Sunday, 5 December 2010

'Pennies for the poor' on tuition fees are a political ploy for unprincipled Lib Dems

When I started at University College, Durham University in 1993, one of the more drunken fresher's week nights resulted in me and my friends witnessing a group second year "rahs" (short-hand for Hoorah Henry), throwing copper coins down onto the cobbled street below, amidst shrill cries of "pennies for the poor".  It is hard to think of a worse case of 'gown' insulting 'town'.

The reason I mention this is that it sprung to mind when I read of the Coalition's recent fop to the Lib Dems - the claim that 18,000 of the most deprived university students will ave their tuition fees paid by the Government for two years.  This ploy is designed to allow Clegg and co. to claim that the policy of making students pay for their higher eduction is somehow socially progressive because of the assistance that is offered to those at the bottom of the proverbial heap.  It would be like the assertion that a hospital which charged most of patients was somehow socially progressive because it didn't charge a few paupers. 

Could a private general hospital (thankfully we don't have such monstrosities here, as they do in the US) be regarded as socially 'progressive' for bestowing some of its wondrous services on the needy - pennies for the poor - or should the concept of charity or fairness go beyond the mere offering of assistance to some, and look at wider principles?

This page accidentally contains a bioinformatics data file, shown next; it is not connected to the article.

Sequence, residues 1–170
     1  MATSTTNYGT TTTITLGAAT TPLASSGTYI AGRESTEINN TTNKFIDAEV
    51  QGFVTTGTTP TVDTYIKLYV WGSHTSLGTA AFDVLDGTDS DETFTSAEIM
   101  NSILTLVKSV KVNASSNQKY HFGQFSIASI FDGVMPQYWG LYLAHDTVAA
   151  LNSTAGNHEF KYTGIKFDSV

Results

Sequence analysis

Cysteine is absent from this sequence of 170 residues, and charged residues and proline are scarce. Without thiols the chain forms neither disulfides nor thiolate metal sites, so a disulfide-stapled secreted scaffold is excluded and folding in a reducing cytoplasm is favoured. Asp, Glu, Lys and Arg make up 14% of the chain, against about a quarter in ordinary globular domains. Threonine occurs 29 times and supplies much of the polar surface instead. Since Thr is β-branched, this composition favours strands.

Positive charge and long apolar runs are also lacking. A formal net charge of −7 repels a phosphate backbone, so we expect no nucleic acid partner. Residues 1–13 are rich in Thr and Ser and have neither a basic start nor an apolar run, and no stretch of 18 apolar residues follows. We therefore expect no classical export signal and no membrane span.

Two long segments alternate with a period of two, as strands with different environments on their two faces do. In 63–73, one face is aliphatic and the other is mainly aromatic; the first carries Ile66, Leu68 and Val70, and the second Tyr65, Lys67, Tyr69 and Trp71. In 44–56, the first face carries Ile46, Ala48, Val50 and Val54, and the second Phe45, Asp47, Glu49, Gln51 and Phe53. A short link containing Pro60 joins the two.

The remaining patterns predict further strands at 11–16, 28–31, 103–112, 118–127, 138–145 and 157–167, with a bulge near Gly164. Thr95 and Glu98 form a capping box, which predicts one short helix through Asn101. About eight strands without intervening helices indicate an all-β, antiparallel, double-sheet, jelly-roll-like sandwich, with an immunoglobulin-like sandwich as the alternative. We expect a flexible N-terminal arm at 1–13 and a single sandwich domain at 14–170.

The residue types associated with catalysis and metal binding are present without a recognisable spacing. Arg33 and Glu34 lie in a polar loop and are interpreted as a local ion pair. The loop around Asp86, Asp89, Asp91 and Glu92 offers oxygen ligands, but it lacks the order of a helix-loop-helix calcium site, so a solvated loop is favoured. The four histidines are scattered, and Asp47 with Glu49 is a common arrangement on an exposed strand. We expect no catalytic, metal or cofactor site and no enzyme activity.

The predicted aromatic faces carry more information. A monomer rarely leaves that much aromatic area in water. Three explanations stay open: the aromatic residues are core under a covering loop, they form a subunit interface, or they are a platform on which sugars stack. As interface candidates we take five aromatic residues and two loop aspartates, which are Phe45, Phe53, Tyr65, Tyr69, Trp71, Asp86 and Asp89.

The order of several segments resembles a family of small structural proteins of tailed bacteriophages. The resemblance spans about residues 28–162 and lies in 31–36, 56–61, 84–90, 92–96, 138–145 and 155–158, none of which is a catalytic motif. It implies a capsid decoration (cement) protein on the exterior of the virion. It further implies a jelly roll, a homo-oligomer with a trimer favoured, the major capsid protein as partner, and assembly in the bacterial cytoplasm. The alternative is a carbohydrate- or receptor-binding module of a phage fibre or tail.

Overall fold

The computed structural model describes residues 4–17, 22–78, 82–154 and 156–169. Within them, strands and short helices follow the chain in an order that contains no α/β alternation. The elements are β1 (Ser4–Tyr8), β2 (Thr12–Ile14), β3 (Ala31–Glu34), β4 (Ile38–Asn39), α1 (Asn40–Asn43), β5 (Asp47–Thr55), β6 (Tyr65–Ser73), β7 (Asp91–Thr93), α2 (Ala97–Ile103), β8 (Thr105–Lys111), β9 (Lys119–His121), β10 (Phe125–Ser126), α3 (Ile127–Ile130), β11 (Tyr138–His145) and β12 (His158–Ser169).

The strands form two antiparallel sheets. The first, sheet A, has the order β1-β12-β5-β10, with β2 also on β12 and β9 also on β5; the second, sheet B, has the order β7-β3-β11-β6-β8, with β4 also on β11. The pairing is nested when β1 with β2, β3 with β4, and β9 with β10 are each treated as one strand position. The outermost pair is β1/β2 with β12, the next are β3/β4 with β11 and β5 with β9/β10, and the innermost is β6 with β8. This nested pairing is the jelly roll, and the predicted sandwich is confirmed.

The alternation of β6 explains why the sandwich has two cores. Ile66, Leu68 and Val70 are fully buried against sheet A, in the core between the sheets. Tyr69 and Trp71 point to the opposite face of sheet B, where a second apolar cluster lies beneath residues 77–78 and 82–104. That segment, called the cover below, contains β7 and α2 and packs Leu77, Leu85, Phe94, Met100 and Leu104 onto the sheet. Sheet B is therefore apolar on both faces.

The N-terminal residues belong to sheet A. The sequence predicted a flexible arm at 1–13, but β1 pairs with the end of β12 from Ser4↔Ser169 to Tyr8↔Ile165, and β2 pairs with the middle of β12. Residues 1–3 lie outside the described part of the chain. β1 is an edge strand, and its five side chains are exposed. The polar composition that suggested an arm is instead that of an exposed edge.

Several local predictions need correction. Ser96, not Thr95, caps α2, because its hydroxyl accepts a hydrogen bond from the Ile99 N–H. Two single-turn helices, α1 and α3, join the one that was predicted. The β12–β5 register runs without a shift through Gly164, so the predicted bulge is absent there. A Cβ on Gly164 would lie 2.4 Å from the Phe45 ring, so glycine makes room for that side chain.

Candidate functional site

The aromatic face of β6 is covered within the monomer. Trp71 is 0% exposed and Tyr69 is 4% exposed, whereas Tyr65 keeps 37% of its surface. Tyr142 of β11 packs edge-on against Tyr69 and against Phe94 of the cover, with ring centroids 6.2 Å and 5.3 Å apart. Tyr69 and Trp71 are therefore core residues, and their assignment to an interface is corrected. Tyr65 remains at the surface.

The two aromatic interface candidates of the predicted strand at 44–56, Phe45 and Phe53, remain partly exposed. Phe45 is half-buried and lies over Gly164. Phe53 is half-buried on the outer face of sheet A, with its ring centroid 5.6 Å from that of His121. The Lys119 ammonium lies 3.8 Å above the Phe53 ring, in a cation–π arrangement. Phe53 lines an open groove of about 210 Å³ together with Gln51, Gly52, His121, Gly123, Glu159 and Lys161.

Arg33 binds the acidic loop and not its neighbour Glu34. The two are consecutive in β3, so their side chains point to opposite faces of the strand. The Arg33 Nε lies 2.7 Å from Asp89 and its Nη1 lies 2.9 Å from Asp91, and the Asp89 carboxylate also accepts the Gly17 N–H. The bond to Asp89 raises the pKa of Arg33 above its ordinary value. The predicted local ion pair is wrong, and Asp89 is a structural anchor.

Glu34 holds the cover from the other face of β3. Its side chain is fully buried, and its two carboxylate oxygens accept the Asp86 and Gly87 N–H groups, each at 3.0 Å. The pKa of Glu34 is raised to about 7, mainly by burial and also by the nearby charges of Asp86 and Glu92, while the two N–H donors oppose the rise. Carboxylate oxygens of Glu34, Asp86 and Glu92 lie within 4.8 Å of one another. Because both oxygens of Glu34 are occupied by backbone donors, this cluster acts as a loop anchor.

And so it is with the offer by the Government to pay the fees of the 18,000 'lucky' students.  It appears, on the surface, a 'socially progressive' measure, as is the raising of the threshold at which graduates must repay their debt from £15k to £21k.  But this is at best window dressing, and at worst a deliberately misleading ruse.  For the paying of fees for 18,000 is but a drop in the ocean, but pennies from on high.  Out of the record 482,000 university students enrolled in 2010, 18,000 represents 3%.  If someone were to tell me as I drove my young daughter to casualty, that I had a 3% chance that the hospital may decide to treat her for free, I doubt I would be much impressed by this indication of the benevolence of the socially progressive government. 

The Lib Dems campaigned noisily in the 2010 General Election for more honesty in politics.  So let's just be honest about tuition fees shall we?  A socially progressive policy would be one which sought to ensure that there was equality of opportunity for students at age 18 as they decided upon first, whether to go to university and second, which.  Anything which makes students from less well-off backgrounds have any doubt about whether they or their families can afford to attend university is socially regressive, not progressive.  Labour sadly broke the bond which society previously had with its young people that if they succeeded at school they would be supported through university.  This government has not merely opened the door a little further, it has kicked it down. 

'Pennies for the poor' in previous centuries may well have helped feed a few poor people and assuaged the guilt of the well-off.  But such 'charity' was opposed then and should be opposed now for being no more than a token, designed not to make society fairer or even to allieviate poverty.  The Lib Dems are discovering, much to my amusement, that principles must be fought for and defended - they cannot be paid for with pennies.

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